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MC5 gets fourth nomination for Rock and Roll Hall of Fame
Despite three previous swings at induction into the Rock and Roll Hall of Fame, the MC5 has not struck out yet.
The iconic and influential hard rock group from Lincoln Park has been nominated for the Rock Hall's class of 2020, its fourth time on the ballot following appearances in 2003, 2017 and 2018. Guitarist Wayne Kramer is still hoping to connect with voters at some point, and hopefully this time.
"I'm basically just an observe in the process at this point," Kramer 71, says by phone from Los Angeles, where he lives with his wife and their young son. "I'm just about out of keen observations and insights and broad philosophical positions. I don't know what to make of it all. I guess we wait and see. Again."
The MC5 is joined on this year's ballot by Pat Benatar, the Dave Matthews Band, Depeche Mode, the Doobie Brothers, Whitney Houston, Judas PRiest, Kraftwerk, Motorhead, Nine Inch Nails, the Notorious B.I.G., Rufus featurign Chaka Khan, Todd Rundgren, T. Rex and Thin Lizzy. Seattle rockers Soundgarden, whose guitarist Kim Thayil is part of Kramer's all-star current band MC50, is also on the ballot.
Ballots will be mailed to music industry professionals, while the public vote begins Tuesday, Oct. 15 and runs through Jan. 10 via rockhall.com or the museum in Cleveland. The class of 2020 will be announced shortly after that, with the ceremony on May 2 at Cleveland's Public Auditorium and broadcast live on HBO.
"My feelings about it don't change," Kramer says. "I've always been suspect about how do you quantify the influence of an artist? It's not like sports where you hit so many home runs and it's a number, and that number is more than everybody else's number.
"Something like music is so subjective. There's no kind of yardstick to measure what we call great rock band. It's not record sales, necessarily, or songs on the radio, necessarily. It's some mash-up of all that."
Nevertheless, Kramer -- who recently toured the U.K. with the MC50 after a Labor Day weekend performance at Detroit's Saint Andrew's Hall -- remains convinced that the MC5 merits induction into the Rock Hall.
"It seems as though all the bands that came after the MC5, or at least a great many of those bands, acknowledge the influence that the MC5 had," says Kramer, who published a memoir, "The Hard Stuff," during the spring of 2018. "The MC5 exists on a level that most modern rock fans are unaware of. It's only the real hardcore fans, the people that take rock seriously and do their homework who understand the influence of the MC5 on rock as we know it."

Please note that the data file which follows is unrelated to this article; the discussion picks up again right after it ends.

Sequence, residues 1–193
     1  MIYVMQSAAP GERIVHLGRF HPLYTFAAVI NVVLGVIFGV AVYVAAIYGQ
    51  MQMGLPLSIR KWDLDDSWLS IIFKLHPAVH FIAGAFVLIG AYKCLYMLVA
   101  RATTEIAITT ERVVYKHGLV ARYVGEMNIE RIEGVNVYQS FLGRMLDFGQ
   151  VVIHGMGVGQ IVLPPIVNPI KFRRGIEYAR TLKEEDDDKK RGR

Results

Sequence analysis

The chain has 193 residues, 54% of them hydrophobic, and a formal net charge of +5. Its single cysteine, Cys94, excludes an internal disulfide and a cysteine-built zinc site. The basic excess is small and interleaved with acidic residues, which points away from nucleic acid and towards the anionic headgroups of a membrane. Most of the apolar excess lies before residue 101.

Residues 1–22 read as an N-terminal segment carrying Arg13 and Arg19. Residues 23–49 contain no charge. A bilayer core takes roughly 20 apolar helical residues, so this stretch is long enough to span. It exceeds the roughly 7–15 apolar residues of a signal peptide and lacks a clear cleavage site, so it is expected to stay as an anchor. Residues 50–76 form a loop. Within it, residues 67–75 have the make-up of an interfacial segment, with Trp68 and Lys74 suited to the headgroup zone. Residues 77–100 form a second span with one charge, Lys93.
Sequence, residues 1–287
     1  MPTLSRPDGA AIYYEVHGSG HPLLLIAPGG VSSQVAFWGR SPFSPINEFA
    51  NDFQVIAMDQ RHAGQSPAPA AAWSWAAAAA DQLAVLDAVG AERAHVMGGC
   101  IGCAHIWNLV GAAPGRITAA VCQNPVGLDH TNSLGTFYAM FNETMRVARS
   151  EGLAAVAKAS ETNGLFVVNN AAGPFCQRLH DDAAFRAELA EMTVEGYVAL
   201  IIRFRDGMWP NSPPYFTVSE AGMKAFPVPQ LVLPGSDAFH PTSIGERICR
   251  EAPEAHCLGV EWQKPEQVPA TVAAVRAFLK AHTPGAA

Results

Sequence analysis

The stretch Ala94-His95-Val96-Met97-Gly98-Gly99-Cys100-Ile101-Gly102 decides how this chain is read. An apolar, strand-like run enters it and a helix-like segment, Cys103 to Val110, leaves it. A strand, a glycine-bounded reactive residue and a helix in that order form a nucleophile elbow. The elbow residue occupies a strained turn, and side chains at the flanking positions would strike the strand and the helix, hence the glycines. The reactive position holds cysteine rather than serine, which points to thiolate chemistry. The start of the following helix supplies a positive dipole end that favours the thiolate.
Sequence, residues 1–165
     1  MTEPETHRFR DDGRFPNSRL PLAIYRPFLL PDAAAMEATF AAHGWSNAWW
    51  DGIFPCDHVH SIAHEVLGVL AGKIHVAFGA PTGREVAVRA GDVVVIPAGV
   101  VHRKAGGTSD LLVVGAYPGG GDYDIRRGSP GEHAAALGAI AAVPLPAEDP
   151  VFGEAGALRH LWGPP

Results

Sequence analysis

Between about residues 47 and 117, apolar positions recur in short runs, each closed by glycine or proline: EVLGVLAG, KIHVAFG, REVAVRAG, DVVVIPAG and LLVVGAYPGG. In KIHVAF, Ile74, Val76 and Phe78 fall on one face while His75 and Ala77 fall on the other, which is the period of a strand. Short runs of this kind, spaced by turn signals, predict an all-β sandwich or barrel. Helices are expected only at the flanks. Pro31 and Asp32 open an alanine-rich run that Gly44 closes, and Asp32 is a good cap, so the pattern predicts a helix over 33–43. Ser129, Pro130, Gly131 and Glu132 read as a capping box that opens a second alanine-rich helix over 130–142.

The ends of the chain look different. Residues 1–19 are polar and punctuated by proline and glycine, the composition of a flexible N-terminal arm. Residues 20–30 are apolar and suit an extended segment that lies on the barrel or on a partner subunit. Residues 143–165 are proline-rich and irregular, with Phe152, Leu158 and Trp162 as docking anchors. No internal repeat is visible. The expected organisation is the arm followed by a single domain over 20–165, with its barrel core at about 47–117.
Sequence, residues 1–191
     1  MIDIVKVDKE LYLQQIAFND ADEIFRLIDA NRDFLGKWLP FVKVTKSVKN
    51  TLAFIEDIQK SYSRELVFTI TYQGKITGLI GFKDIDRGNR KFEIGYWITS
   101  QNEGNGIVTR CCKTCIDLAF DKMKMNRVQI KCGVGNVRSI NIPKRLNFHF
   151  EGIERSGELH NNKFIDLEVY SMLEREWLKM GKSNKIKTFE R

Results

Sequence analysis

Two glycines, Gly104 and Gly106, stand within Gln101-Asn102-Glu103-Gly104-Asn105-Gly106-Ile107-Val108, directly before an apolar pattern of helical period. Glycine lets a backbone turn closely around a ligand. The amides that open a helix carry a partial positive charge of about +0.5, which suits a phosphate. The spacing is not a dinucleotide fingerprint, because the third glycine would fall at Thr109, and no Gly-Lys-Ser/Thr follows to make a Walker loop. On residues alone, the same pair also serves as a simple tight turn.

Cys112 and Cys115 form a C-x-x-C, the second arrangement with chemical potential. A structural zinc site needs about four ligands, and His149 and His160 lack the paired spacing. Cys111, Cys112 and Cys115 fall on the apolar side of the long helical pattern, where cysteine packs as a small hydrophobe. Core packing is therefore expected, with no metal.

An MC5 induction is also endorse by ballot "competitor" Thayil. "Of course -- if the Stooges are in there, yeah, the MC5 should be in there, of course," the guitarist says. "But I'm a little partial, since it's my favorite band ever."
Kramer says he and drummer Dennis "Machine Gun" Thompson, the only other living member of the MC5 have "never talked about the Rock Hall or being admitted or anything like that. We've talked in the recent past, and we're on good terms at the moment. Mostly we talk about our health -- or lack of health." Kramer himself battled off saliva gland cancer earlier in the year and says that he "feels great" since finishing treatments.
Kramer is staying busy. He's currently writing and recording with Alice Cooper, both in Los Angeles and Detroit, for the latter's new studio album due out next year. The sessions already yielded Cooper's "Breadcrumbs" EP with a cover of the MC5's "Sister Anne," and the troupe is planning to record more covers as well as originals.
"We're making a Detroit record," Kramer says. "We're really zeroing in on the influences of the MC5 and of Motown and of Mitch Ryder and Bob Seger and all the good stuff that has come out of our beloved, industrial city is gonna be on this record. It's a really fun process."
Meanwhile, there may be new music from the MC50 as well. "I'm in agreement with all the cats in the band. They all want to see what we can do in a studio," he says. "I've got an idea about how to give it a framework -- maybe you could call it a concept album. I've got an idea in mind. We're talking about it more and we're trying to see what the business side of the equation looks like."
The MC50 will also be releasing a live album it recorded last October at Third Man Records Cass Corridor, but no date has been announced yet.
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